It is desperately sad for Brum that in 2005 this famous marque would have celebrated its' 100 years @ Longbridge. Anyone who has driven an MG-XR will remember this very stylish and sporty new car as representing the new breed of MG.

Almost five years ago to the day,Alan JOhnson MP made a speech entitled "The Future of the Motor Car Industry". http://www.dti.gov.uk/ministers/archived/johnson110400.html
"The Government will do what it can to help industry tackle these challenges as part of our determination to ensure that there will continue to be a thriving car industry in the United Kingdom. "

I only hoped then he meant a BRITISH car industry..
I remember people saying very similar things to you during the miner's strike, "how can we go on destroying our industry", "we must draw a line now", "the government needs to spend money saving these jobs or there will be no jobs left". Twenty years later there is no mining industry to speak of in the UK and we are a healthier and more prosperous nation.

It's not as if MG Rover is a very important manufacturer anyway, they only make 3% of all cars built in the UK. We have a successful car industry why spend good money propping up the unsuccessful part?
liverpolitan said:
Nonsense. We can design, manufacture and market high volume high technology goods, with global collaborators. Dyson does it. Rover can. The Chinese may get a good deal, financially, but we need to invest some taxpayers money in value-adding activities, and personally I don't care if Shanghai citizens (who own the Chinese company involved) get a better deal than some capitalists based in England on this deal. I want the company to be rebuilt as part of a successful entity.

We have enough people with an NVQ in saying "sorry, out of stock", we need to rebuild the craft and technical base of people who can make things. Manufacturing will be a part of our economic future, including mass manufacturing.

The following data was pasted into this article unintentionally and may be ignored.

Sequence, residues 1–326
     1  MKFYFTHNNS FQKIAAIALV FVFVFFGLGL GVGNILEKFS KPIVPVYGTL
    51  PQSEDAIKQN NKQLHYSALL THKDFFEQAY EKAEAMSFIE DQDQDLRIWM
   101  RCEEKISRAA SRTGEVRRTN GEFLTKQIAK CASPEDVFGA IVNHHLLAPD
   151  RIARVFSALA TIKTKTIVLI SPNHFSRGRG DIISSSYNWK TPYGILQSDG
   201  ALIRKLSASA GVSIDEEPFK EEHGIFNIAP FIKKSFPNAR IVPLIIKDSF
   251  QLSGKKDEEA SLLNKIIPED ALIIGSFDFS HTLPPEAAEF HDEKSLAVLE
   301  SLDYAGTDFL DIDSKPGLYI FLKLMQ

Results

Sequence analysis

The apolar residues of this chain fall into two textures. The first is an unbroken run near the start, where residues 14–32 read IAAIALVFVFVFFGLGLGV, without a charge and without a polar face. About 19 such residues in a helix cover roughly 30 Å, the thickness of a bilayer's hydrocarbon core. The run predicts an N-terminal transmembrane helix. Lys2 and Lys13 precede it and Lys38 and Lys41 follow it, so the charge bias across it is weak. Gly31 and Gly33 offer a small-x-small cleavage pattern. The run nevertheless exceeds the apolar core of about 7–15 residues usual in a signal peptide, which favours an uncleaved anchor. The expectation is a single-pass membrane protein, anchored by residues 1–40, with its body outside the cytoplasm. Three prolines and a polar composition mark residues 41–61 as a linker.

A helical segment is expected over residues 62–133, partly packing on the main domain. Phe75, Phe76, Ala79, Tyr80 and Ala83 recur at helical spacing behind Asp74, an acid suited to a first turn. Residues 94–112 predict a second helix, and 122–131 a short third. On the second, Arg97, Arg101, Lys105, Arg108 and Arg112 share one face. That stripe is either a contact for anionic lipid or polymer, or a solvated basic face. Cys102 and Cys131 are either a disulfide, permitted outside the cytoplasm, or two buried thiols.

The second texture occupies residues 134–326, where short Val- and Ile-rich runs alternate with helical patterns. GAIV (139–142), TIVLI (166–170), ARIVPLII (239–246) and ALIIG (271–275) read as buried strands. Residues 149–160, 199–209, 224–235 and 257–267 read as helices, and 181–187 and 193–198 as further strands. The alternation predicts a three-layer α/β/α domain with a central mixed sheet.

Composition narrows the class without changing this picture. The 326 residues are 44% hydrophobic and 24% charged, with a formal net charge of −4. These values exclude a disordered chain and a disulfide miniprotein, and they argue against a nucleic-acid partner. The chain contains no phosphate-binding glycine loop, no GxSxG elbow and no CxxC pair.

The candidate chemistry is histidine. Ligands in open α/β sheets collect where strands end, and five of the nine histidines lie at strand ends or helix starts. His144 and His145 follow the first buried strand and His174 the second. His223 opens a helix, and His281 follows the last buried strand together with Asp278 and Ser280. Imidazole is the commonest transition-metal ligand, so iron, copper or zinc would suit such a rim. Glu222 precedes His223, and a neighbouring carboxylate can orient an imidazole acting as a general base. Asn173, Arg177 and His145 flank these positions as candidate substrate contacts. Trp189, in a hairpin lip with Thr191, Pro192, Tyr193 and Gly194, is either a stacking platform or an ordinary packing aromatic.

95% of the benefits of having a car industry stem from the jobs (including at suppliers) and tax revenue it provides. For this it doesn't matter who owns it.

And anyway, if you have a pension fund it will probably invest in US, European and Japanese stocks so a portion of these 'foreign' companies will be owned by British individuals and institutions anyway.

It's a total waste of money trying to keep an industry "British" just to bolster national pride.
Forward said:
"The Government will do what it can to help industry tackle these challenges as part of our determination to ensure that there will continue to be a thriving car industry in the United Kingdom. "

I only hoped then he meant a BRITISH car industry..
On the subject of suppliers; this is from the BBC:

from
http://news.bbc.co.uk/1/hi/business/4423181.stm

Rover suppliers offered £40m aid

A £40m support package has been put in place for firms that supply MG Rover, the UK trade secretary has said.

The announcement was made as MG Rover's 6,000 workers wait to find out if the stricken UK car maker can survive.

The firm called in advisers on Thursday amid reports it was on the verge of collapse after talks with a possible Chinese investor broke down.

With parts suppliers pulling credit and production stopped, industry analysts say its demise may be inevitable.

"I think it's a given that there will be some form of insolvency proceedings," Ian Gould, corporate recovery specialist at PKN told the BBC.

Trade and Industry Secretary Patricia Hewitt is due at Rover's plant in Birmingham on Friday morning.

She told the BBC that the government had made the £40m support package available to Rover's suppliers in an effort to help them "find new business and secure their future".

She also pledged to do "absolutely everything I can" to help Rover's workers and other jobs in the area reliant on the company's business.

The fate of the firm, supported by successive governments, looks likely to become an election issue, say correspondents.

Premature?

Ms Hewitt was the first on Thursday evening to suggest the firm had called in administrators or receivers.

Union leaders said they had been told the same thing by Rover's management.

But late on Thursday night, MG Rover told the BBC's business editor Jeff Randall that it was not in administration and that Ms Hewitt's statement had been premature.

It said it had simply invited accountants PricewaterhouseCooper to advise on its position.

The government has been in intensive talks with both Rover and potential investor Shanghai Automotive Industry Corp to try to secure the firm's future.